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October 15, 2019

THE GEORGIA CAPITOL DEVOTIONAL - 15 October 2019

Richard Greenham served as pastor from 1570-90 in the small village of Dry Drayton, which was five miles north of Cambridge, England. His proximity to Cambridge made it easy for travelers to visit with him. Greenham was renowned for his godliness, biblical proficiency, practical counsel, and diligent work. Nevertheless, he believed that his ministry was ineffective. Although those beyond his own congregation were blessed through his ministry, Greenham’s own people demonstrated little spiritual maturity. Among the Puritans, a rhyme developed with regard to his ministry: “Greenham has pastures green, but flocks full lean.” When he resigned from his pastorate, Greenham told his successor, “I perceive no good wrought by my ministry on any but one family.”

Nevertheless, there was much effectiveness to Greenham’s ministry. At the time in which Greenham ministered in rural England, there was much spiritual sowing to be accomplished; however, the time for spiritual reaping was still in the future. Part of the sowing was training the next generation of English ministers. Although there was no provision during Greenham’s time for the practical training of ministers, there were many travelers who were mentored by Greenham as they visited his home. Consequently, “literally thousands of English lay people were, by the 1620s, in some sense the flock of Richard Greenham” (Parker and Carlson, Practical Divinity [Aldershot, England: Ashgate, 1998] 21-22). God did bless the teaching ministry of Greenham, yet his legacy was evident in the next generation.

Would you be willing to serve in a manner comparable to that of Greenham? Greenham stayed in Dry Drayton for 20 years, and instructed those whom God brought to him. He did many good works, yet the fruits of his labor were primarily in the next generation. Greenham humbled himself to pursue the will of the Lord, which is not always so easy. The pursuit of God’s will necessitates that one must be disciplined, humble, repentant, and unwavering in commitment to his Word.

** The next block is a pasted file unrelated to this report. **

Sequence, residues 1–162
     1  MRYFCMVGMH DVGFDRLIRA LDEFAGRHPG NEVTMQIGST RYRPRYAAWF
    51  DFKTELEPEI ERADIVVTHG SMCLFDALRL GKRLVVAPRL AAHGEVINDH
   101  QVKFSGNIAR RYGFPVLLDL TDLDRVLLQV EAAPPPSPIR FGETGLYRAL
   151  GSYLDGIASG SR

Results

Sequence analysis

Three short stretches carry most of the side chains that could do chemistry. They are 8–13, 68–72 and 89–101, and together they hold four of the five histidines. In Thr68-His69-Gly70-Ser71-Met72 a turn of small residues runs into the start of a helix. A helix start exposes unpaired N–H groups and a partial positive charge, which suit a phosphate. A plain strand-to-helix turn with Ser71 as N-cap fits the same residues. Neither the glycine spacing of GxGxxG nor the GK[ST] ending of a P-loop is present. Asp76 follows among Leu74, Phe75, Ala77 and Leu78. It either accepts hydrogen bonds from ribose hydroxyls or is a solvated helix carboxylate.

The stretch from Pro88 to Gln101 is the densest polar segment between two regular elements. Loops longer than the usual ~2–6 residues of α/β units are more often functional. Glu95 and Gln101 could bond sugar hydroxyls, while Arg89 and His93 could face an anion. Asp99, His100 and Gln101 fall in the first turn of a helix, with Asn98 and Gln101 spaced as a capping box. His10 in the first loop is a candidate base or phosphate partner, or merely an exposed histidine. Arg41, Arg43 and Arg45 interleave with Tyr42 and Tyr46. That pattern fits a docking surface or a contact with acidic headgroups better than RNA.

Pursuing the will of God always brings good; however, the good fruits of our labors may take time to appear. Furthermore, the individual responsible for the good may not always receive the recognition and thankfulness for their labors; nevertheless, God will receive the glory and honor for the good. Pursuing God’s will be good when peace, purity, and righteousness appear. God’s people can always be assured that God will produce a good result when they submit themselves to his will (Rom 8:28).

Are you pursuing God’s will? Do you feel the desire to quit because such pursuit seems too difficult and ineffective? James 4:7 reads, “Submit yourselves to God. Resist the devil and he will flee from you.” Those who heed the divine appeals of God’s Word will find the stamina to do God’s will and will receive honor from the Lord for a job well done as a good and faithful steward (Jas 4:10; cf. Matt 25:21).

Your Missionary to Our Leaders,

Ron J. Bigalke, Ph.D.
Capitol Commission Georgia


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Capitol Commission is prepared to encourage and enable local churches to participate in reaching our capitol communities for Christ (1 Tim 2:1-4). We only need to hear from you, if you have not already contacted us. We also seek to enlist individuals, businesses, and churches to become strategic partners with us in this ministry (2 Cor 8:3-6). Our success as a ministry is based upon God blessing all facets of the ministry, which certainly includes partners in this ministry. We earnestly desire to engage those who desire to participate in the ministry by offering their time and talents (Matt 25:20). If you have not already done so, join us and experience the joy of bringing hope, light, transformation, and truth to those who constitute our capitol communities.